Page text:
The expected results will greatly inform our understanding of the basic mechanisms of instrumental memory reconsolidation. As experimental impairment of appetitive memory reconsolidation is suggested to be a potential therapeutic strategy for maladaptive cue-induced reward seeking in drug addiction and some forms of obesity, such basic scientific understanding is an essential prerequisite for any future translational application.

Planned Impact

We are committed to the dissemination of our research to a wide audience. Our work has been reported previously in popular magazines and we have contacts within the excellent Birmingham University Public Relations Office. We will work with them to communicate our results via diverse media such as newspaper, magazines, and TV and radio. The PI and existing members of the lab are involved in the activities of Understanding Animal Research, promoting the value of animal-based research (within the context of the importance of our own research) to school-age children. We would anticipate making two such visits per year. Moreover, the University of Birmingham is making increasing efforts to engage the public during the Dana Foundation-associated Brain Awareness Week, through which our findings will also be publicised.

The results of this research will have implications for the application of reconsolidation-based treatment strategies for maladaptive reward-seeking conditions. The direct context is cocaine-seeking, but the results will also have relevance to addictions to other drugs and potentially non-homeostatic forms of obesity. In particular, we will gain an understanding of the relative efficacy of targeting pavlovian and instrumental memories for different triggers of relapse.

Within the University of Birmingham, we are involved in discussion groups and collaborations, both within the School of Psychology and also in the Medical School. The School of Psychology has a strong Clinical Psychology group with expertise in Cognitive Behavioural Therapy, to which the behavioural element of this work may become relevant. Our links to the Clinical and Experimental Medicine group in the medical school enables our work to be disseminated effectively towards translationally-relevant clinical settings. The close relationship between the Medical School and the local NHS Trust, as well as the Royal Centre for Defence Medicine, is a particular advantage in ensuring that the results of our work are made known to relevant clinical researchers and practitioners.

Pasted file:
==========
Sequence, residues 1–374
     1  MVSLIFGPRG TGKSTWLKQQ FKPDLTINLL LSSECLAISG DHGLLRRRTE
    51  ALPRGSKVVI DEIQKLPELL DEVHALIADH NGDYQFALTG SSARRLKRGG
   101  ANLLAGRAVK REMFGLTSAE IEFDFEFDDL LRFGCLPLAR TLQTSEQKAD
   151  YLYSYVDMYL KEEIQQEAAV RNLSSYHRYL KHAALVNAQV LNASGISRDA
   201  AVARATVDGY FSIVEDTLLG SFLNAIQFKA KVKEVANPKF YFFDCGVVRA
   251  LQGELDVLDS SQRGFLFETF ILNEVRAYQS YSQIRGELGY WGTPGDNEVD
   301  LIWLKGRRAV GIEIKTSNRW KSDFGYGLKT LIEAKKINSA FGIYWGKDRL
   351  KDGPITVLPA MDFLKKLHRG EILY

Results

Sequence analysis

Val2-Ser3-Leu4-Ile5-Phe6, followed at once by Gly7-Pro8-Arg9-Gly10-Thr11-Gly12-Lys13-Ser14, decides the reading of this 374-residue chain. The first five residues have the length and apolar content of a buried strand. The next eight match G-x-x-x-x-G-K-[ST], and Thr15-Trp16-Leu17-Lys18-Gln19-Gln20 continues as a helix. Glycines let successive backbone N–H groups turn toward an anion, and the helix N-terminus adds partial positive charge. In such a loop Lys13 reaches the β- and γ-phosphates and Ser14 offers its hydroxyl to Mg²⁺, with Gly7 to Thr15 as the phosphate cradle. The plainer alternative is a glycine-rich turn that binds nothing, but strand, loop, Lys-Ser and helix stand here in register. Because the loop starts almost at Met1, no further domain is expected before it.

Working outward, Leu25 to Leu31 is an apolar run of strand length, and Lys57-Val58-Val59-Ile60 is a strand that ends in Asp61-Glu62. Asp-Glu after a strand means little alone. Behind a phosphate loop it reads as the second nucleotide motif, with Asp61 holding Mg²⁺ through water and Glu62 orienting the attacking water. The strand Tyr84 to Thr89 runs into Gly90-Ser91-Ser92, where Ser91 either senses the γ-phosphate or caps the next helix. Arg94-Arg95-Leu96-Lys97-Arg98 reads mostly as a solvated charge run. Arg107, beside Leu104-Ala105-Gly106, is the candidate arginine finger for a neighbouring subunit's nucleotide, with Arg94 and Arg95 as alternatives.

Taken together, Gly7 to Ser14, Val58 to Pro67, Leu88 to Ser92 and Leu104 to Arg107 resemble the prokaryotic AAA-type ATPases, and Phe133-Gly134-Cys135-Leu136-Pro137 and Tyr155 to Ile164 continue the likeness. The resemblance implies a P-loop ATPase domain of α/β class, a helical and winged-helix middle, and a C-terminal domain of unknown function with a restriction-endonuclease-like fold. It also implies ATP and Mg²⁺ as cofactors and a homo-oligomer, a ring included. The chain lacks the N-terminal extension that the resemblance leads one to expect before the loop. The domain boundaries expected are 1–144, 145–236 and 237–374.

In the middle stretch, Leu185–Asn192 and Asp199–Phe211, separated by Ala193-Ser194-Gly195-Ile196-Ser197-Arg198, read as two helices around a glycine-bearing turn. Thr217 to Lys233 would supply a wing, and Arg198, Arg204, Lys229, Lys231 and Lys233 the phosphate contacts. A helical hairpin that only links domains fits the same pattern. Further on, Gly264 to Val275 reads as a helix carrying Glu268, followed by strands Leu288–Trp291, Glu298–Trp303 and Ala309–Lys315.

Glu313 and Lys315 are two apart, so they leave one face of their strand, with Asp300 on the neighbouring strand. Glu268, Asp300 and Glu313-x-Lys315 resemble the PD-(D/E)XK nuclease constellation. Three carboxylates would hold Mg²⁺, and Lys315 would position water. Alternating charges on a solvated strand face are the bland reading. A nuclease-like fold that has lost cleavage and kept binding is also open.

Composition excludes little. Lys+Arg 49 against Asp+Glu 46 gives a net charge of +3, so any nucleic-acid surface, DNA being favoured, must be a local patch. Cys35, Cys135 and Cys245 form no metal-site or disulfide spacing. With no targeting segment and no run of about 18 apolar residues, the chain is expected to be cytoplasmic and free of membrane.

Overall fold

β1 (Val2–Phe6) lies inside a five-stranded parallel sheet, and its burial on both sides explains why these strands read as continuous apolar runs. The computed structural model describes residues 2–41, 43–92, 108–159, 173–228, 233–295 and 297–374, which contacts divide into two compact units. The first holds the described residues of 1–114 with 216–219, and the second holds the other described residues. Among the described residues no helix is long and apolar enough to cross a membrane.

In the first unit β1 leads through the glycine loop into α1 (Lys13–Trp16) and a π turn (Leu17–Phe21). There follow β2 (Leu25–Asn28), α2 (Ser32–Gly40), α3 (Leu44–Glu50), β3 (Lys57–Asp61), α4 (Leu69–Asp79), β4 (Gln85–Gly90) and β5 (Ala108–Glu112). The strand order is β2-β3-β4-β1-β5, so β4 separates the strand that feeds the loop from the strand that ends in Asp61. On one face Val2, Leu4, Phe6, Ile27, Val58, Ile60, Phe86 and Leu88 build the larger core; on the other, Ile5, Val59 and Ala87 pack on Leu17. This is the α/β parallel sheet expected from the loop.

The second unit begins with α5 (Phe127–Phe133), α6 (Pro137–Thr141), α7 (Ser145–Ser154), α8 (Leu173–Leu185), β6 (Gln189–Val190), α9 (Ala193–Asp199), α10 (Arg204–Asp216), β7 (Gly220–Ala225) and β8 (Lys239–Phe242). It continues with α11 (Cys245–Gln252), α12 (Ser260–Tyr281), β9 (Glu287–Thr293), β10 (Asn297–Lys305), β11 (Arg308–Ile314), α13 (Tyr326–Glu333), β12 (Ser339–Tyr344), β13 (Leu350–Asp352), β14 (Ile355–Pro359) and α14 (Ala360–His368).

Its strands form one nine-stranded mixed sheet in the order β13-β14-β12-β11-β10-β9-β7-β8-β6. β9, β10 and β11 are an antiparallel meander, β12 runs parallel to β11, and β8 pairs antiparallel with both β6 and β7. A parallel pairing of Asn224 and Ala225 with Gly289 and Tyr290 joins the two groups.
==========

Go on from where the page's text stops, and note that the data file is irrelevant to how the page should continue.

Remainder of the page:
Finally, it should be noted that the application of reconsolidation-based treatments, while promising, is in its early stages, with a single open-label trial using beta blockers in relation to PTSD the only clinical application of which we are aware (7 years after the initial published preclinical study). Given that beta blockers are unlikely to be of benefit in a reward-seeking setting, the timeframe for the potential translational impact of the current project will be more extended. If the outcomes of the grant are compelling, we would collaborate with the Behavioural Medicine Group at the University of Birmingham to translate the approach to human subjects, seeking further funding from MRC, NIHR or the Wellcome Trust.


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Title Destabilising instrumental memories 
Description New effective, and robust method for destabilising instrumental cocaine memories. 
Type Of Material Model of mechanisms or symptoms - mammalian in vivo 
Year Produced 2017 
Provided To Others? Yes  
Impact This has formed the basis for development of collaborative activity with Prof Barbara Sorg, a recent grant application by Prof Sorg (on which JL is an expert consultant). We also know of usage of this methodological development by other laboratories (e.g. Milton lab in Cambridge). 
Description Sorg 
Organisation Washington State University
Department Neuroscience
Country United States 
Sector Academic/University 
PI Contribution Sharing of research methodology to allow parallel study of additional cellular mechanisms in instrumental cocaine memory reconsolidation.
Collaborator Contribution Conducting the parallel study of additional cellular mechanisms in instrumental cocaine memory reconsolidation.
Impact No outcomes at present. Collaboration is not currently multidisciplinary.
Start Year 2016
Description MA-PE 
Form Of Engagement Activity A formal working group, expert panel or dialogue
Part Of Official Scheme? No
Geographic Reach Local
Primary Audience Undergraduate students
Results and Impact Focus groups stimulated understanding of memory manipulation as a therapeutic strategy, and also gained an insight into public perception.

Year(s) Of Engagement Activity 2015
Description PoS 2017 
Form Of Engagement Activity A talk or presentation
Part Of Official Scheme? No
Geographic Reach National
Primary Audience Public/other audiences
Results and Impact Talk at special Pint of Science associated with the British Neuroscience Association 2017 Festival of Neuroscience. Purpose was to inform the interested general public of the general aims and outcomes of our research. Attendees were national as well as local.
Year(s) Of Engagement Activity 2017